The Art of a Vinyl Set

WGlasshouse —  September 10, 2013 — 3 Comments

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I have been a DJ for about 15 years… I started out playing Splack Pack and Stevie Wonder on vinyl. It was a time when Technics were the firm industry standard in all night clubs, and if you didn’t know how to use a Rane MP 24 you were out of luck. It was a simpler time with much less distraction than today’s digital DJ setup, and recently it occured to me what that has done to the creative process of the DJ.

About a month ago I decided to grab some vinyl that I had purchased this past record store day and play it at one of my gigs around town. You see, for the past 5 years or so I have been strictly using Serato or Traktor DJ software with my Technics turntables and I forgot just how different playing a single track on a vinyl record can be.

l immediately noticed the intense focus that is put on each song when playing vinyl. Every song seems to be a bit more important, because you have to commit to it. With digital DJing you can have so much music at your disposal that it really minimizes the art of track selection. You can play every hot track, and every classic track imaginable without having to carry one crate or record bag. It’s not a bad thing, but in my opinion, it does de-value a specific track’s existence in your library. There is also something to be said about the way we shop for music digitally versus with vinyl. Nowadays you can just search the top 100 tracks in a given genre and download them. With vinyl you have to dig long for it, and really love every track that you spend your hard earned money on.

When you play an all vinyl set it is almost like you are on an island with each track. Floating in the sonic vibration of that song, and relying on its energy to exist withing the ocean that is your set. In my opinion a set takes on a certain importance when only vinyl is played. You can only bring so many records, you can only look at so many tracks in between songs, and you can’t hit the loop button… EVER. You have to commit, you have to focus, you have to trust, and you have to execute. If you drop a mix in the middle, you can’t just start over.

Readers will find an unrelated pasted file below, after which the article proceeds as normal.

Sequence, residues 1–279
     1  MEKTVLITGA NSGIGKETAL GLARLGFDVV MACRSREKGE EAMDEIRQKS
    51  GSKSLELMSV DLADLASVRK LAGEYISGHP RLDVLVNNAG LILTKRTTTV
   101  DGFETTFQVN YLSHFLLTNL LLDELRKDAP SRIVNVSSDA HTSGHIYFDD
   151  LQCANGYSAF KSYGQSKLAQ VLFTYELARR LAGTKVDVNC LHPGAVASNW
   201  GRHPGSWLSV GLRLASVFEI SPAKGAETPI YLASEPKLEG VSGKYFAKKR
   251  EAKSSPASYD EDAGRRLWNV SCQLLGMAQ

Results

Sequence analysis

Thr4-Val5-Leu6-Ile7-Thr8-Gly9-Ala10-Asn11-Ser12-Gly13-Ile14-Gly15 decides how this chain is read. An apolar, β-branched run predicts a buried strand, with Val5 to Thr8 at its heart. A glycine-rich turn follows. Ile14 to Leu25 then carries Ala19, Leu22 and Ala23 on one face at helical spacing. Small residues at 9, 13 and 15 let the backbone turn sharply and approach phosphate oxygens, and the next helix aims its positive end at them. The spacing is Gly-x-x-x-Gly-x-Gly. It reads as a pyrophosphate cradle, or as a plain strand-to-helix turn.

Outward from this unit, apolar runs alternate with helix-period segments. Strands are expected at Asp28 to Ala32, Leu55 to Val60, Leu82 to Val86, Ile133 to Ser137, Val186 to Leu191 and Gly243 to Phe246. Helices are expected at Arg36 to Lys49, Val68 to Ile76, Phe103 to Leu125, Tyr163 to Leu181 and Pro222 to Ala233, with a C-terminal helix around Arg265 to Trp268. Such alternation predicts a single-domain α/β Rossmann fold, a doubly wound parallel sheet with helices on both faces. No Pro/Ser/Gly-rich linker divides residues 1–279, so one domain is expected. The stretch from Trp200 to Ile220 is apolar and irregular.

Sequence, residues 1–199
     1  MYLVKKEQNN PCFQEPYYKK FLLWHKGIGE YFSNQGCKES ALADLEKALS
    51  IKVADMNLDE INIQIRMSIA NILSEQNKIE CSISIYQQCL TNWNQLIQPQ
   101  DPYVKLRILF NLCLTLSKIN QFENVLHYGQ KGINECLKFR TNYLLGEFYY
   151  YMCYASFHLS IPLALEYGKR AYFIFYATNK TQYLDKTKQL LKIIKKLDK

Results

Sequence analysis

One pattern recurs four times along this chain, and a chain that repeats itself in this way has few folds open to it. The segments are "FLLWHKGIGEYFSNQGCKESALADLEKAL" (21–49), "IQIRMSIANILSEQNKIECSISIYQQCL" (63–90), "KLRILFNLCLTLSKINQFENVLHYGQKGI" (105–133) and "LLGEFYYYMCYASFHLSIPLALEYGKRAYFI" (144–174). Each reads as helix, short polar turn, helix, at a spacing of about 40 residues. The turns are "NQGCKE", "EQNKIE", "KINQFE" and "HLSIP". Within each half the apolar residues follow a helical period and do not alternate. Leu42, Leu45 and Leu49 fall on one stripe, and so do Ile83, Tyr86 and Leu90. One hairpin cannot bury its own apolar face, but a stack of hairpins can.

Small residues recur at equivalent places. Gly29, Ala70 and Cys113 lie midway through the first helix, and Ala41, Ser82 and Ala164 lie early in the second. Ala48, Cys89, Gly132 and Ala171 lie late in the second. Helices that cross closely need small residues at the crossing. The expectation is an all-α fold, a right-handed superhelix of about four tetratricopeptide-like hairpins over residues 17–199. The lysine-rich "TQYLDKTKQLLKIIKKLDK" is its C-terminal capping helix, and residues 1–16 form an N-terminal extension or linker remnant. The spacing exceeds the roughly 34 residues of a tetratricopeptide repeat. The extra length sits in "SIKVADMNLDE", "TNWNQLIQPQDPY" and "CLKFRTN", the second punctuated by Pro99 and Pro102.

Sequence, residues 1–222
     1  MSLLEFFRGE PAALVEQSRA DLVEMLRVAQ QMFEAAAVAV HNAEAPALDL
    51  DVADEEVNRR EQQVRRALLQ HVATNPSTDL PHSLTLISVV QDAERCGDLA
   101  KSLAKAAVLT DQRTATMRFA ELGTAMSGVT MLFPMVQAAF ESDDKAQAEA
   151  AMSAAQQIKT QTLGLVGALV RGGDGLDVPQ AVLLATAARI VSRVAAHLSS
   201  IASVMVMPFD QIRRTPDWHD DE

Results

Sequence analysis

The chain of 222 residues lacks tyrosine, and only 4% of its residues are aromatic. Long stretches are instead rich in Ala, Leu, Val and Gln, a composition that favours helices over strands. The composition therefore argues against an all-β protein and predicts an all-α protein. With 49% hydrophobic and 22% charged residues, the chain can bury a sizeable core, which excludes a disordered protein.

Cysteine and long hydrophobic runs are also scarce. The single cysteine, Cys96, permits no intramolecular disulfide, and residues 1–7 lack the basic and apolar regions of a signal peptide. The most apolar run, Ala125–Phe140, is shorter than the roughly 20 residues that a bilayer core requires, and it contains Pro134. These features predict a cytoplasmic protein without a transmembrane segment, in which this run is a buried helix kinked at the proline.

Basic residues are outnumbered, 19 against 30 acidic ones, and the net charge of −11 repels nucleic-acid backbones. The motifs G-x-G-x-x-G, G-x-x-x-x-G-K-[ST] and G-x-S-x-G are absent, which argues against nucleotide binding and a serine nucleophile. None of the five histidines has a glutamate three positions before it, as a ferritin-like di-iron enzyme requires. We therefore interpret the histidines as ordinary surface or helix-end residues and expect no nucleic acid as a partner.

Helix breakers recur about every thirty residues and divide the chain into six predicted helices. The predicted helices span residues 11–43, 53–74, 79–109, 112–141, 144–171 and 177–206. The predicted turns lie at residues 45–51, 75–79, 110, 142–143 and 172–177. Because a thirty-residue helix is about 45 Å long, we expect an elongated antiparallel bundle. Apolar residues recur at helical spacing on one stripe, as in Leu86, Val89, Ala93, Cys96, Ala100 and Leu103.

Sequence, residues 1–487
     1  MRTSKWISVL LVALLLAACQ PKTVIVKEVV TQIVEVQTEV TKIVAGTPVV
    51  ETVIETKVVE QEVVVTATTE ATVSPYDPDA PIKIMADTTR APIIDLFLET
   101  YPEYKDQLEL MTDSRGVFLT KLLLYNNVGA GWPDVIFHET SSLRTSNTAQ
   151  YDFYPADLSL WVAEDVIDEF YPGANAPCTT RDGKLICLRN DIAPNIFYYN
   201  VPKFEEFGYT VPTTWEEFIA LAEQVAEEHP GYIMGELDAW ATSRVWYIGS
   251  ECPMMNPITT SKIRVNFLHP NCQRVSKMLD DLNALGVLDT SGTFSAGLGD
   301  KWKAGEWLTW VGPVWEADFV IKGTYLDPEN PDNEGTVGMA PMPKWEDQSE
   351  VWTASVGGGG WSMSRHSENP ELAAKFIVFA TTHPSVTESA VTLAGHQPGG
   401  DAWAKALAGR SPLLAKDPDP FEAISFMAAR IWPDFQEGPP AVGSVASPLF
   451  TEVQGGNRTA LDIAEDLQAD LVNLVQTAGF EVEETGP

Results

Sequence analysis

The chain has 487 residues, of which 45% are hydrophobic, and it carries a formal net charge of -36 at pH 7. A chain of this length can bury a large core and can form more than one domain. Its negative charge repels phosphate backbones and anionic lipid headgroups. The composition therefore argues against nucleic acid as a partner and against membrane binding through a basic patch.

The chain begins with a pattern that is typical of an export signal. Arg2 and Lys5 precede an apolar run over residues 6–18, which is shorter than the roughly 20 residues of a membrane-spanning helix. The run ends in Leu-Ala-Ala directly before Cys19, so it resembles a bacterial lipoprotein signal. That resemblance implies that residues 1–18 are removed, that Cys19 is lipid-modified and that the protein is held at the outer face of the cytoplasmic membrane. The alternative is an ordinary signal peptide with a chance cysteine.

This experience playing vinyl after a long hiatus was truly beautiful and sort of a revelation. I caught a glimpse of what is was like to DJ 20 years ago, and I felt a little nostalgia for that time when electronic music was emerging. I also realized how the digital age has influenced and drastically changed the experience of playing music for a crowd. Having a computer in front of you really does pull you away from the experience and distracts the focus. I believe even if you are spinning digitally it is best to keep the computer out of the way.

I will never forget again what it means to play vinyl, and I won’t forget to appreciate where the art of DJing came from. The analog sound will never be re-created with computers, and the analog feel will never be surpassed by digital software. I know there are plenty of benefits to the modern world, but this article isn’t about that. It’s about old school, about true love for music, and about that warm vinyl sound. Here’s to the analog!


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Walter Glasshouse is a DJ, Writer and Promoter from Detroit, Michigan. Follow him on Twitter @DJGlasshouse and at He runs a monthly at the Grasshopper in Ferndale, and he loves showcasing Detroit's unique talent base. His DJ sets go all the way from house music to trip-hop, and it's all done with soul and turntablism. Walter also performs as an emcee under the name AudioLogical . He's a little busy, but he loves to write and share his love for music here.
September 2013
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3 responses to The Art of a Vinyl Set

  1. The voice of railanotity! Good to hear from you.

  2. That’s a crackerjack answer to an interesting question

  3. That’s the perfect insight in a thread like this.

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